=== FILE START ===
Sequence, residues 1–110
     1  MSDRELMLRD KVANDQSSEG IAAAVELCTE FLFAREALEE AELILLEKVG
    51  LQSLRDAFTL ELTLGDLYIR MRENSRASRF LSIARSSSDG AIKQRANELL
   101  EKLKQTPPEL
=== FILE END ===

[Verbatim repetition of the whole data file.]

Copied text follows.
Sequence, residues 1–110
     1  MSDRELMLRD KVANDQSSEG IAAAVELCTE FLFAREALEE AELILLEKVG
    51  LQSLRDAFTL ELTLGDLYIR MRENSRASRF LSIARSSSDG AIKQRANELL
   101  EKLKQTPPEL